Responses mediated by the immune system to antigenic challenge are considered to play a major role in the pathogenesis of certain inflammatory diseases. Murine investigations have revealed that immune response (Ir) genes exist that govern these reactions. For example, under experimental conditions, immunity to cartilage (type II) collagen can create connective tissue inflammation in rats and mice.1 The ability of this immunization protocol to induce inflammatory arthritis in squirrel monkeys2 has recently heightened interest in the possible relevance of this model for human disease.3 In rodents, both susceptibility to collagen arthritis and the immune response to this structural protein are linked to the murine equivalent of the human major histocompatibility locus, ie, the HLA-D region.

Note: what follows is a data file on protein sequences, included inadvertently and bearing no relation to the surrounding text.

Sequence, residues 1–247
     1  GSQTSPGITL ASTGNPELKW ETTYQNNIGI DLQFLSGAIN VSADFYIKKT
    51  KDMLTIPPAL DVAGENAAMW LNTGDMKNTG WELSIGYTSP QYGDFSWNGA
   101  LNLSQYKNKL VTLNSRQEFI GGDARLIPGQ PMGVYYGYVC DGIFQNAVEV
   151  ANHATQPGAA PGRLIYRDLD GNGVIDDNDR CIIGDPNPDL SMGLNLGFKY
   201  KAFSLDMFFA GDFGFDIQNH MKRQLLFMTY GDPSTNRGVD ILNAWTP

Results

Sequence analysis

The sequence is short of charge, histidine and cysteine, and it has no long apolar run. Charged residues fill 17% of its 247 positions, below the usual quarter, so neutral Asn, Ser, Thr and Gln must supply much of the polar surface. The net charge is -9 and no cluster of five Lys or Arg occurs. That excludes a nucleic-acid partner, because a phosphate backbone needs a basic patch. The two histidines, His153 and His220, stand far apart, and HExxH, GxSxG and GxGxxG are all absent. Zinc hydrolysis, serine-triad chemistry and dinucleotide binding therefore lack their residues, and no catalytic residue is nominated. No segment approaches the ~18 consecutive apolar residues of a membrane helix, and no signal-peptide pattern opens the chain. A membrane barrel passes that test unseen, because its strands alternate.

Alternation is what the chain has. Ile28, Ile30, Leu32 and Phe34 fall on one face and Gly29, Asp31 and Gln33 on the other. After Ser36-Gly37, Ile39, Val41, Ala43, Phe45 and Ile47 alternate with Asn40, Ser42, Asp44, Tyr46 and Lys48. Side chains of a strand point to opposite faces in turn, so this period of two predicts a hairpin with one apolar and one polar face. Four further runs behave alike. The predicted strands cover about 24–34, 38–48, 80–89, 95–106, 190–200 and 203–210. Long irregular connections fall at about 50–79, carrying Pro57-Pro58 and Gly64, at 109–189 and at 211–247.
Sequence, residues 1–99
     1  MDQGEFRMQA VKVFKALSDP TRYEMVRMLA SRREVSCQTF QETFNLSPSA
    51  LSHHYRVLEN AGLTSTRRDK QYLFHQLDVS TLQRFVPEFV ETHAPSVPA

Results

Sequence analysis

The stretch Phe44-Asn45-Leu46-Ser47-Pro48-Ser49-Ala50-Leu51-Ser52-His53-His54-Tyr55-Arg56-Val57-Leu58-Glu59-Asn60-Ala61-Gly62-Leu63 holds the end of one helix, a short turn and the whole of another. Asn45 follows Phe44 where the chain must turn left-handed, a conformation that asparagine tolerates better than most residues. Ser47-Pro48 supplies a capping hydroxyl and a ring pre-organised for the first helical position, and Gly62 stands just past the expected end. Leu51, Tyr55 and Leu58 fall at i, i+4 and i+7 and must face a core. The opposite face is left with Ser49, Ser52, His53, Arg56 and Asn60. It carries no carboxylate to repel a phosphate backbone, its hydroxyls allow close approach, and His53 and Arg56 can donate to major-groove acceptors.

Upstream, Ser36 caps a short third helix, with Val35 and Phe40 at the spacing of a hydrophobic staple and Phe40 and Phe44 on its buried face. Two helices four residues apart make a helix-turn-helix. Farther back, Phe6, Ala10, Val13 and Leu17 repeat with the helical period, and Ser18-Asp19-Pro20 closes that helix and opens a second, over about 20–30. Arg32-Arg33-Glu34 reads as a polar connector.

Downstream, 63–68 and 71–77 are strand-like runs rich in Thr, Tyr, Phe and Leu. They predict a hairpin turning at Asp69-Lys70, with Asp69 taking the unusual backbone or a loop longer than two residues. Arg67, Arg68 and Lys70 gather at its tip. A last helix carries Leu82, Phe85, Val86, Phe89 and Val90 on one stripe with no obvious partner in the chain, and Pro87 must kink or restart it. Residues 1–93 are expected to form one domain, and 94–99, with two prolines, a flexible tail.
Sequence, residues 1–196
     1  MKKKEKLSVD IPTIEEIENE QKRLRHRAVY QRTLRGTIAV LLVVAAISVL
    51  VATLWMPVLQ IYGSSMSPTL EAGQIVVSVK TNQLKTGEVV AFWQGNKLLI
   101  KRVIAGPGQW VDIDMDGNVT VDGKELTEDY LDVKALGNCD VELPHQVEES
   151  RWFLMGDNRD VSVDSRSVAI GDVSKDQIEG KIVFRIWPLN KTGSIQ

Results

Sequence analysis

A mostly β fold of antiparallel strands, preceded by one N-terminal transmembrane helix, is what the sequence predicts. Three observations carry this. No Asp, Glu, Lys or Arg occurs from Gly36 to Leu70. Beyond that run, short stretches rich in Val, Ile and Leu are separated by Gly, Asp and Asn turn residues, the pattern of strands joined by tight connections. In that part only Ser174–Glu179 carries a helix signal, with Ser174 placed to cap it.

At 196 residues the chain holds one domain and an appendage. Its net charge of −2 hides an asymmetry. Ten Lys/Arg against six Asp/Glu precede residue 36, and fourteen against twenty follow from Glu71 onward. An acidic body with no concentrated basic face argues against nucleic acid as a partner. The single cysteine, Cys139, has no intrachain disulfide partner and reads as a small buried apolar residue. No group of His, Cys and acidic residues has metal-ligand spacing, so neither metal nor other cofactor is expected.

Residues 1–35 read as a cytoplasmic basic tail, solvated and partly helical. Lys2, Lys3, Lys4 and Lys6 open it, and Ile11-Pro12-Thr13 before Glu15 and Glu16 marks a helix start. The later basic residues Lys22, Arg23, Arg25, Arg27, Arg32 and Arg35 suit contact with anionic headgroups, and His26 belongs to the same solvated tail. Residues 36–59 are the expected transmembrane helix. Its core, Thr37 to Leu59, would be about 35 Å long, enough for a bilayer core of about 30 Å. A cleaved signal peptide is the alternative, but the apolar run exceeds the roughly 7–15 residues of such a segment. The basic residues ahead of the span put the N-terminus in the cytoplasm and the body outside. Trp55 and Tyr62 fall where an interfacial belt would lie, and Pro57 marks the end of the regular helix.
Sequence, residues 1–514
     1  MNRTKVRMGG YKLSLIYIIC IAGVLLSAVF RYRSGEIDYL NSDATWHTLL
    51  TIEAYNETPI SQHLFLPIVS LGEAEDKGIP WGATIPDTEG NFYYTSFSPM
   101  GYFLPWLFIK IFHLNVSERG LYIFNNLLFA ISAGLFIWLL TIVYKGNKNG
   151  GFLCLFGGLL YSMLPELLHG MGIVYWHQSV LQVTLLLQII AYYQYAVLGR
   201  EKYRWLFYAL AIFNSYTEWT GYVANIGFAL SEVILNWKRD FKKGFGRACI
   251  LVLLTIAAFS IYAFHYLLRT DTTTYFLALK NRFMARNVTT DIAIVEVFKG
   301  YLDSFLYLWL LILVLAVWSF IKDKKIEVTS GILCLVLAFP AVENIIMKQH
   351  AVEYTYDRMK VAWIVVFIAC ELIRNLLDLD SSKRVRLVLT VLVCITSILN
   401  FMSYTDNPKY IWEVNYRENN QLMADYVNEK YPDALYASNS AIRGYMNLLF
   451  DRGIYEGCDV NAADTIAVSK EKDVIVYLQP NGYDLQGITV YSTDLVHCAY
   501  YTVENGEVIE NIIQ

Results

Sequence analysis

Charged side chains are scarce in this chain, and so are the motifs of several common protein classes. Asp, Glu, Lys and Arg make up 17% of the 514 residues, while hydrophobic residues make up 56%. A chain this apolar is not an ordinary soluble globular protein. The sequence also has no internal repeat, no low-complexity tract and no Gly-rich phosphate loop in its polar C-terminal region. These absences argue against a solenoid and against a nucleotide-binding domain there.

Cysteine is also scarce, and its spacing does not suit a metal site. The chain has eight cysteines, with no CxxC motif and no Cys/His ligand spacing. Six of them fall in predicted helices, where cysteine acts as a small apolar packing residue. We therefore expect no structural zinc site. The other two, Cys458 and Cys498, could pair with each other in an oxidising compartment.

The genetic elements involved in immunologic recognition and response provide positive signals. The elucidation of Ir gene control for antigens in humans has been a more difficult task. This problem may, in
Trentham DE. Adverse Reactions to Bovine Collagen Implants: Additional Evidence for Immune Response Gene Control of Collagen Reactivity in Humans. Arch Dermatol. 1986;122(6):643–644. doi:10.1001/archderm.1986.01660180049011
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